The SINV virus causes the unpleasant sindbis fever common in regions of Africa. Here researchers look for clues to tackling SINV from its structure, using cryo-electron microscopy (Cryo-EM) to pick out surface details (top left, middle) and make a computer model (top right). But these are single snapshots – what if we could watch viral particles invading cells in real time? Enter the latest virus-spying tool – a fluorescent ‘tag’. A red fluorescent protein is genetically engineered onto the surface of the virus, partially highlighted in red in Cryo-EM images (bottom left, middle) and in a new computer model (bottom right). This new form of the virus glows cherry red under a fluorescent microscope, making it easier to see the effects of drugs on viral budding – where SINV, like many other viruses, wraps itself in diseased membrane ripped from one infected cell as it spreads to the next.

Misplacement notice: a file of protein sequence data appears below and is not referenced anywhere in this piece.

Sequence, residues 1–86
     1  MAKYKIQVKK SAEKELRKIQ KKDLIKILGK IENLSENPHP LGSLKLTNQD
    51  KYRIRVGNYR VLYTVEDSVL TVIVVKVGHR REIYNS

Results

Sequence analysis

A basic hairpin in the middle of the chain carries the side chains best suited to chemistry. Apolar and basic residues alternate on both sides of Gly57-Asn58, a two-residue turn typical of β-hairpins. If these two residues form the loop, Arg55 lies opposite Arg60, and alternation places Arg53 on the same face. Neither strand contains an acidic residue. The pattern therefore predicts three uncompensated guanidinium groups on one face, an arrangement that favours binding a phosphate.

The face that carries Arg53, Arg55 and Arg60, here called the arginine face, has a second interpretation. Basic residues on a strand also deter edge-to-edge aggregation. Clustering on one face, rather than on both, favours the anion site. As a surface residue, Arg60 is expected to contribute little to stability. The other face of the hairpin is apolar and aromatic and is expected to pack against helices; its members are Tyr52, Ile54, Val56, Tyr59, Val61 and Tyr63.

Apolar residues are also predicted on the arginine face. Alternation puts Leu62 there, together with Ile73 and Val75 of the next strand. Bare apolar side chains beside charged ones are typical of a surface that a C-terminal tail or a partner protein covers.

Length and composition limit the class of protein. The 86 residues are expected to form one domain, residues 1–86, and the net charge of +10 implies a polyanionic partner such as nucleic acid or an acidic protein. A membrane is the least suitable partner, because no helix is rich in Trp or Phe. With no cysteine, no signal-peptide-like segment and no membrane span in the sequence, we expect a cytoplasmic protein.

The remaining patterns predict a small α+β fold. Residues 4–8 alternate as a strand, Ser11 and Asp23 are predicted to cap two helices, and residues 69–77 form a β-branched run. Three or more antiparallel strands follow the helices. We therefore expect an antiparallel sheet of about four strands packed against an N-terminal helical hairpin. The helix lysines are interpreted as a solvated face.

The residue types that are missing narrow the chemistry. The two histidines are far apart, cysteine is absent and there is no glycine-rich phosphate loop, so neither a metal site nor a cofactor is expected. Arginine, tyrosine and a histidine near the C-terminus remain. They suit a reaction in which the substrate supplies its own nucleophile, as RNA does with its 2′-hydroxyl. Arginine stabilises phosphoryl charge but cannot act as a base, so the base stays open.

BPoD stands for Biomedical Picture of the Day. Managed by the MRC London Institute of Medical Sciences the website aims to engage everyone, young and old, in the wonders of biomedicine. Images are kindly provided for inclusion on this website through the generosity of scientists across the globe.
BPoD is also available in Catalan at www.bpod.cat with translations by the University of Valencia.